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Virus Infects Microsoft Users' PCs

August 13, 2003|jesus sanchez | Times Staff Writer

A computer virus that takes advantage of weaknesses in Microsoft Corp.'s Windows operating system spread rapidly around the world Tuesday as Internet security specialists raised their warning about the potential threat posed by the Blaster worm.

Computer users large and small reported disruptions as Blaster spread to more than 100,000 computers worldwide since first being detected Monday morning, and national security officials feared copycats would appear in the next few days.

The worm is designed to cripple the Microsoft Web site where Windows customers can get a software patch to repair the flaw that Blaster is using to spread itself, according to Internet security specialists.

"It is trying to infect as many machines as possible" to launch the attack starting Saturday, said Sharon Ruckman, senior director of Symantec Security Response, an arm of Santa Monica-based Symantec Corp., an Internet security firm.

Ruckman said that Blaster, also known as Lovesan, has infected at least 127,000 computers worldwide. The computers that are vulnerable to attack are those that use Microsoft's Windows 2000 and Windows XP operating programs.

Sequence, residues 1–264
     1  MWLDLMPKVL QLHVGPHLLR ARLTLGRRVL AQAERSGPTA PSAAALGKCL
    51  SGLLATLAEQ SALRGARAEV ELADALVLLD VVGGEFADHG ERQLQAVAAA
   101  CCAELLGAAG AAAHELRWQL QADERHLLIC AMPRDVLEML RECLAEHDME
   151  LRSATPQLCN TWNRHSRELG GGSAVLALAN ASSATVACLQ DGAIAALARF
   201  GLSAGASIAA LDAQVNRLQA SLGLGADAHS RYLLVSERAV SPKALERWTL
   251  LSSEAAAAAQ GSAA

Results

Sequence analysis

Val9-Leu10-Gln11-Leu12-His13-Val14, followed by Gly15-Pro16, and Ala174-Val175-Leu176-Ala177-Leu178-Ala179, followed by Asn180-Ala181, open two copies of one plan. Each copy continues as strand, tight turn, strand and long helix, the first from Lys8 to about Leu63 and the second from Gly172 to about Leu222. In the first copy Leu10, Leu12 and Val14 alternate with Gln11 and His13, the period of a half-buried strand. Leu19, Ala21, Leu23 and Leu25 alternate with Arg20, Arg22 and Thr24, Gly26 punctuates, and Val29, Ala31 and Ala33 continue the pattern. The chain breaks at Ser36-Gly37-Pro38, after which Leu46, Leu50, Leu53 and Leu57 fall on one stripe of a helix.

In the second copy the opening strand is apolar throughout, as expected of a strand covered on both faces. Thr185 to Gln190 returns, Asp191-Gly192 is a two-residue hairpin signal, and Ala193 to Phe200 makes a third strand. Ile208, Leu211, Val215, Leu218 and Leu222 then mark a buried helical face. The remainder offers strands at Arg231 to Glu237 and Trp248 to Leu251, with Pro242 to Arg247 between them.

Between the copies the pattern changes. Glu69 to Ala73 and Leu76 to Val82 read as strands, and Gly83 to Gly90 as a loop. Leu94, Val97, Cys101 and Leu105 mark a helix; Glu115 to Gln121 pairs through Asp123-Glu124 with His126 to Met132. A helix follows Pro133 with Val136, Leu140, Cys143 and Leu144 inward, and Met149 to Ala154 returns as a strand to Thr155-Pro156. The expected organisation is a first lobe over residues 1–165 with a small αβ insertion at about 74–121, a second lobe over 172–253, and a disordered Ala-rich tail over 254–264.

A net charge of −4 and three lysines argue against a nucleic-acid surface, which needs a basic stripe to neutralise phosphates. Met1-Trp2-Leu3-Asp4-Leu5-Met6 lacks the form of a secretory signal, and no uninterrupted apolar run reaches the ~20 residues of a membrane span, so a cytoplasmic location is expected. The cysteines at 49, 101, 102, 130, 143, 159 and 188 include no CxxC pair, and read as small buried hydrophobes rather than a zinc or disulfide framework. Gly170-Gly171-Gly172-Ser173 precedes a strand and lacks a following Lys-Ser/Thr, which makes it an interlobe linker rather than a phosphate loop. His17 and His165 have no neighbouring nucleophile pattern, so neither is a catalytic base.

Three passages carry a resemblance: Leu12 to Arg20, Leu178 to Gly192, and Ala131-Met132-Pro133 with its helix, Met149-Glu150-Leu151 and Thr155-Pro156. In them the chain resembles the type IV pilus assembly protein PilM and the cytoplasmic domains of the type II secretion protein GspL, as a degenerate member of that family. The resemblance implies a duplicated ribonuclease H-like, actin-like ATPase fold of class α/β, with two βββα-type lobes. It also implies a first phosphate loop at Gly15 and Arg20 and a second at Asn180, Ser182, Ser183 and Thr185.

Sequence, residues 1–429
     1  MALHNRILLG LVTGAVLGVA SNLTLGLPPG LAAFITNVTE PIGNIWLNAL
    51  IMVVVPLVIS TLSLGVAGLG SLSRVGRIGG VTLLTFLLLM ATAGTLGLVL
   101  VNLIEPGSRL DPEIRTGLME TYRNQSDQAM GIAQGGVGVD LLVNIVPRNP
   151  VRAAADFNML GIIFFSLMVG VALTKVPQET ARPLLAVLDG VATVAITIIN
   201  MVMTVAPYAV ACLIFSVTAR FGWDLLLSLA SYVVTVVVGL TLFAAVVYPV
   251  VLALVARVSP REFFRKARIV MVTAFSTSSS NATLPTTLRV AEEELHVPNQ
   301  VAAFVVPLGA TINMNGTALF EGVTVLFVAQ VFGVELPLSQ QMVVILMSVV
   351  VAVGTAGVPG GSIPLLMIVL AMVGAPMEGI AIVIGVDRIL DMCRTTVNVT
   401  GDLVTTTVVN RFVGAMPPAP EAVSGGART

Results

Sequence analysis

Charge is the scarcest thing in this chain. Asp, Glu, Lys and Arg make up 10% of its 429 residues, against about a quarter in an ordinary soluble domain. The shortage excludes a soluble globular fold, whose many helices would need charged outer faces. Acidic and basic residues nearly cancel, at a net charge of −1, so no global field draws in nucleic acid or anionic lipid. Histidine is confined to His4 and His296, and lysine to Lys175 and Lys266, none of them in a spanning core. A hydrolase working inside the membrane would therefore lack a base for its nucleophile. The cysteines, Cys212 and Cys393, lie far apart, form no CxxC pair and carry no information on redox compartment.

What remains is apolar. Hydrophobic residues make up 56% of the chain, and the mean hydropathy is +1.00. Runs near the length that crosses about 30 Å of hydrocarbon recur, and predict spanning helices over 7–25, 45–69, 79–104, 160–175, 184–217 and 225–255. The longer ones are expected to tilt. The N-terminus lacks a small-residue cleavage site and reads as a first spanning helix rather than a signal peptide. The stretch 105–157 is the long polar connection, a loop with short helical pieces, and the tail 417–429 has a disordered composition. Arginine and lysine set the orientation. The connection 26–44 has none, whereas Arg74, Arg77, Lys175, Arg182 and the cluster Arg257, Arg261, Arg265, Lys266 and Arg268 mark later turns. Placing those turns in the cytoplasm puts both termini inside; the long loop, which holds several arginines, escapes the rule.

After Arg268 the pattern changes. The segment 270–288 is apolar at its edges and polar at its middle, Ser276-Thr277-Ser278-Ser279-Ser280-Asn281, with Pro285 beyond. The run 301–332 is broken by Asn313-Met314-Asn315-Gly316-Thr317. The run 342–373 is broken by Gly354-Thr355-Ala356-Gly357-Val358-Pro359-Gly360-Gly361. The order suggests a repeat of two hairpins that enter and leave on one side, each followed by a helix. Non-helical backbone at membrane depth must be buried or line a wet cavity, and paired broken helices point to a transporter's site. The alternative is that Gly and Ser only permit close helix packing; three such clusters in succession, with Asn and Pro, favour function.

Although Blaster is not designed to harm its host computer, the owners of PCs infected with the worm may notice delays in performing some functions or while on the Internet as Blaster looks for other computers to infect. In some cases, the worm has caused computers to crash.

In one of the largest reported disruptions, Blaster crippled the state of Maryland's motor vehicle department, which closed Tuesday after the agency experienced problems with its computer and telephone network.

Unlike a computer virus that requires a PC user to open an e-mail attachment or perform some other function to spread itself, a computer worm does not require any human intervention to expand across the Internet.

"Once on the Internet, if you have not patched the [Windows] system, you could become infected and never know it," Ruckman said.

Beginning Saturday, Blaster will direct all infected computers to send a stream of information to as part of an attack to overwhelm the site. The assault -- which is referred to as a denial-of-service attack -- will continue for the remainder of the year.

Blaster also includes but never displays a message with a reference to Microsoft's chairman and co-founder, Bill Gates: "billy gates why do you make this possible? Stop making money and fix your software!!"

Last month, Microsoft revealed that hackers could take control of machines running its Windows NT, Windows XP, Windows 2000 or the recently released Windows Server 2003 operating systems by taking advantage of a vulnerability in the operating system. Windows users can download a patch to repair the problem at

Security researchers and hackers already have written and published programs to take advantage of the vulnerability, prompting the U.S. Department of Homeland Security to issue an advisory urging people to download a software patch.

On Monday, Homeland Security officials reissued their advisory and warned in a statement that "it is possible that other worms based on this vulnerability will be released over the next few days as 'copycat' attacks."

This month, a hacker attack left Microsoft's corporate Web pages unavailable to visitors for nearly two hours in the first successful denial-of-service campaign against the company in at least nine months.

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